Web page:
Both in the workplace (through the use of noisy machines) and in our private lives we often deal with too many “decibels” (during concerts and festivals, in the cinema). With the new generation of (digital) music players, we also ourselves sometimes set the volume a bit too high.

With the new generation of personal music players (digital), one can listen to music at very high sound levels, without any loss in sound quality. Thanks to the longer life of batteries, these music players can be taken everywhere: on the train or during a walk. Then we would like the sound to dominate the ambient noise. In these circumstances we are not always aware of the sound level being too high, because the ears adapt to the noise without giving a pain signal. Nowadays personal music players can produce sound up to 120 dB(A), which is comparable to the noise within the area of an ascending aircraft. It is a sound level which lies far above the safe limit for our ears.

That is why some people listen to music at a dangerously high volume, and this whether or not during several hours per day. According to the Scientific Committee on Emerging and Newly Identified Health Risks(SCENIHR) 5 to 10 percent of the users of personal music players risk suffering from permanent hearing loss, if they continue to listen in such an intensive way to music during a period of 5 years.

This is the reason why Europe wants to tighten the noise standards for music players. It concerns all music players for individual use, such as MP3 players and music players integrated in mobile phones or smart phones.

Which norm will be applicable?

In 2009 the European Commission has granted a mandate to the European Committee for Electrotechnical Standardisation CENELEC (French: Comité Européen de Normalisation Électrotechnique) for developing a technical standard for these devices, in accordance with the criteria specified by the Commission (Decree 2009/490/EC). Concretely speaking, according to the provisions of this decree, the duration of the exposure to a sound level of 80 dB(A) must be limited to 40 hours per week, and at 89 dB(A) to 5 hours per week. For other sound levels a linear interpolation or extrapolation must be applied.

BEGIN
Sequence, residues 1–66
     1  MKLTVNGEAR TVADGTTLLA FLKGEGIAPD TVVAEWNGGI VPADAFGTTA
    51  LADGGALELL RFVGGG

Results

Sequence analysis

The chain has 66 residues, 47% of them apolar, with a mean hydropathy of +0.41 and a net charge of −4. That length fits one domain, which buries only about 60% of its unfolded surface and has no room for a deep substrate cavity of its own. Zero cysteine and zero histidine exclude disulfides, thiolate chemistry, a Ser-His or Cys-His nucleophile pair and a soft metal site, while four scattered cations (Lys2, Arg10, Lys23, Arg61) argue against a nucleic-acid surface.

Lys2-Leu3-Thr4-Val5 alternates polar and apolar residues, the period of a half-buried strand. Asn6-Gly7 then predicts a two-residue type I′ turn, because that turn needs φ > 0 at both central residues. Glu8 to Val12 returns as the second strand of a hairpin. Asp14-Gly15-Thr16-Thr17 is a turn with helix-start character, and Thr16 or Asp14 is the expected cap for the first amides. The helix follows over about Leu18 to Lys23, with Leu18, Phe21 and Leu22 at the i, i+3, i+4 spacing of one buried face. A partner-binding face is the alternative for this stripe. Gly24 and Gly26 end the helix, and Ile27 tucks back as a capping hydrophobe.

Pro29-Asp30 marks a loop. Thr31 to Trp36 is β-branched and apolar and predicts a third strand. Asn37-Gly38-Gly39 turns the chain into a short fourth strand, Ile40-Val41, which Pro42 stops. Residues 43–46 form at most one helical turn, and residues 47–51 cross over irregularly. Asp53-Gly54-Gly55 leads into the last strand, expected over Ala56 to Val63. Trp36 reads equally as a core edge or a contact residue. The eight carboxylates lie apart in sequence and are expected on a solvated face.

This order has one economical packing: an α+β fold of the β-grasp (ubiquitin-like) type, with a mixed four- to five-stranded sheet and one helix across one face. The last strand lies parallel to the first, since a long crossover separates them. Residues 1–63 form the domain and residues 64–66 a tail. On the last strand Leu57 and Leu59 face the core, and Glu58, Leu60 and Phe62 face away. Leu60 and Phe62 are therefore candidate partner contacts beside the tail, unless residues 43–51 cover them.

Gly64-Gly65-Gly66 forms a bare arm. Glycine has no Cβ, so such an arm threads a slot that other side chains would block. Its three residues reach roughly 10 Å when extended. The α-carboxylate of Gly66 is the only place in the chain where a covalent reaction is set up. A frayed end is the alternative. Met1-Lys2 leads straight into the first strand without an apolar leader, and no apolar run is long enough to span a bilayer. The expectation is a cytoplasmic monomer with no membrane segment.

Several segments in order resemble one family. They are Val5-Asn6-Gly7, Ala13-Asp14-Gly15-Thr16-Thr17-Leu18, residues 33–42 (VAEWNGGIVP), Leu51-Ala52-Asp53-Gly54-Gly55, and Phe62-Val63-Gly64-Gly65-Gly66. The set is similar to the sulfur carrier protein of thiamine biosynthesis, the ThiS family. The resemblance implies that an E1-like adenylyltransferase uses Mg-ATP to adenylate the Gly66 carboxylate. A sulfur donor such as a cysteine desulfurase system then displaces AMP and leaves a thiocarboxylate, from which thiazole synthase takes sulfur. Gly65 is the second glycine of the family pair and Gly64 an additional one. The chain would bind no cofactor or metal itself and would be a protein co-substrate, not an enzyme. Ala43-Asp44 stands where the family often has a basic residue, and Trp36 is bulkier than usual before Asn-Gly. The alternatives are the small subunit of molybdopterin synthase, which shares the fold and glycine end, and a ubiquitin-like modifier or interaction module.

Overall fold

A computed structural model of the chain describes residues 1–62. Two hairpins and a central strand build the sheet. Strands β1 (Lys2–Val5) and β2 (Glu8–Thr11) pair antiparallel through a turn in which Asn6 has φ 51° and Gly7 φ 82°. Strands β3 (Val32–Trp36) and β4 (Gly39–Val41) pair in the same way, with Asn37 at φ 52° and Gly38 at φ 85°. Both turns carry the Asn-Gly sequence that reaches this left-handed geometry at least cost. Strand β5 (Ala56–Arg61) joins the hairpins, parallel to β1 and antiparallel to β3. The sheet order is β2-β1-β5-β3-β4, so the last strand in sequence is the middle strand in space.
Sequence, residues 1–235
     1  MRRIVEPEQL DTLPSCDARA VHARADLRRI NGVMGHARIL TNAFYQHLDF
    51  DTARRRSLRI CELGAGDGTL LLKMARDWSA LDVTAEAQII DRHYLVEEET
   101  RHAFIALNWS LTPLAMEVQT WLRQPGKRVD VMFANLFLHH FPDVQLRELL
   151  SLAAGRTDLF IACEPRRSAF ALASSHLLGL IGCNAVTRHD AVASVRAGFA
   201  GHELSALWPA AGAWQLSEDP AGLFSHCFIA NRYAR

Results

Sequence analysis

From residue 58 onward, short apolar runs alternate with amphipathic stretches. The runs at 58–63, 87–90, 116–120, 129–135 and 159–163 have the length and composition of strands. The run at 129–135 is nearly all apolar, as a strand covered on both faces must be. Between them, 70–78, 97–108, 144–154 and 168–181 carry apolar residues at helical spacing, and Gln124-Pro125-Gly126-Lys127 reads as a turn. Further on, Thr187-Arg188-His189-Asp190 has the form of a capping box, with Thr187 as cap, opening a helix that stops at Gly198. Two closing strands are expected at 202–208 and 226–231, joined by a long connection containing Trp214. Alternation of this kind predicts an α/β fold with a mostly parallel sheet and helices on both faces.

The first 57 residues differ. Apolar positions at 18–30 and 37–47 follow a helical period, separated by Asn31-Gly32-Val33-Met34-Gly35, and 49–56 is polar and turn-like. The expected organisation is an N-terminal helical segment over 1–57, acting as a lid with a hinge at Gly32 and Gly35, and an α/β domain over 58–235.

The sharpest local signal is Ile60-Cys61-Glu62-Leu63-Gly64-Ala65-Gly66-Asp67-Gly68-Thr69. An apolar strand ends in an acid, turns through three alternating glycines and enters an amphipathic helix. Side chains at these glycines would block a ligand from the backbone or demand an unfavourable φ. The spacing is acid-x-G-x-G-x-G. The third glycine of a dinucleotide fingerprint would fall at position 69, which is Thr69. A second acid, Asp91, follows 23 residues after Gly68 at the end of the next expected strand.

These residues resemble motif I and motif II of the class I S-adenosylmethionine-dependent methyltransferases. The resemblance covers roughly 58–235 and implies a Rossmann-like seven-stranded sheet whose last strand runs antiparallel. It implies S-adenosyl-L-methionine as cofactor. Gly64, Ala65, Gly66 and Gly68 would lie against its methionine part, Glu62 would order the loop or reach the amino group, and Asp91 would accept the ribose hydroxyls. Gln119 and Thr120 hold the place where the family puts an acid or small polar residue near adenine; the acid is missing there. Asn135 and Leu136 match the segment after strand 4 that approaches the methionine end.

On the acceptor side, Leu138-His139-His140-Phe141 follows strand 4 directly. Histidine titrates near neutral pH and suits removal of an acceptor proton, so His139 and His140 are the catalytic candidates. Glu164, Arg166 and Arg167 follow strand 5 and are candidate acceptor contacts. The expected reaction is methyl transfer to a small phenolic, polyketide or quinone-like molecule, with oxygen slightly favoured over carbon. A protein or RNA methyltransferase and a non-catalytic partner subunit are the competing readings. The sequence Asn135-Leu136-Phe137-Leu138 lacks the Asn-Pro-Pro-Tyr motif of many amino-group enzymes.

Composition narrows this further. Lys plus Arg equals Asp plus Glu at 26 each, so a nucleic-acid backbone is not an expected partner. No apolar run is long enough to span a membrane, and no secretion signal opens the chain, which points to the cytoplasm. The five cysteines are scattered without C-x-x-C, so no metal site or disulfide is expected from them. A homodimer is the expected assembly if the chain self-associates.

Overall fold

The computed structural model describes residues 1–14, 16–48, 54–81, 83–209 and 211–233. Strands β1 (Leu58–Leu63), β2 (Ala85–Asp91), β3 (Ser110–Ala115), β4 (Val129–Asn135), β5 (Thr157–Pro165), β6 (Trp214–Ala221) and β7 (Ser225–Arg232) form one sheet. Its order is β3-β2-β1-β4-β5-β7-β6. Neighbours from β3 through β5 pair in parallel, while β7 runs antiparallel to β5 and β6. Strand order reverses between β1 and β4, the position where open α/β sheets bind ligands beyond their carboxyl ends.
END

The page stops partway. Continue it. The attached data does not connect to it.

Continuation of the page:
Where are we now?

CENELEC has started executing the mandate. In 2011 part of the standardisation work has been finalised with the approval of amendment A12 on the standards EN 60950 and 60065, which relate to MP3 players.

Through this amendment, a limit of 85 dB(A) was set at the average sound level. CENELEC considers the limit of 85 dB(A) safe in all circumstances. The user retains the possibility to raise the sound level to a maximum of 100 dB(A). In this case the user is warned about the risks involved, by means of a warning after every 20 hours of listening time.

The amendment of the standards EN 60950 and 60065 applies since the 24th of January 2013. From this date, all personal music players which are introduced on the European market (including our country), must be manufactured in accordance with these changed standards.

Currently CENELEC focuses on a further elaboration of noise standards, taking into account the criteria of the Decree 2009/490/EC. The work of the European Commission and of the normalisation institutes is followed by the FPS Economy, within the framework of the surveillance of the quality and safety of products.

What can you do yourself?

Grant your ears the necessary rest, because the longer you listen to loud music, the greater the risk of hearing damage. Therefore, do not listen any longer than 1 hour per day to music with your MP3 player. And in doing so, pay attention to the sound volume: do not set it higher than 60% of the maximum level. It is also better to use a suitable head phone, that is to say one with “shells” which you wear over your ears. The small ear plugs which are usually provided as a standard with MP3 players, and which you stick into your ears, are closer to your eardrum, as a consequence of which they get no less than 7 to 9 dB(A) extra to be processed. A head phone which you wear over your ears, also better protects the noise from outside, so that you have the natural inclination to lower the volume of your MP3 player. So, double profit for your ears!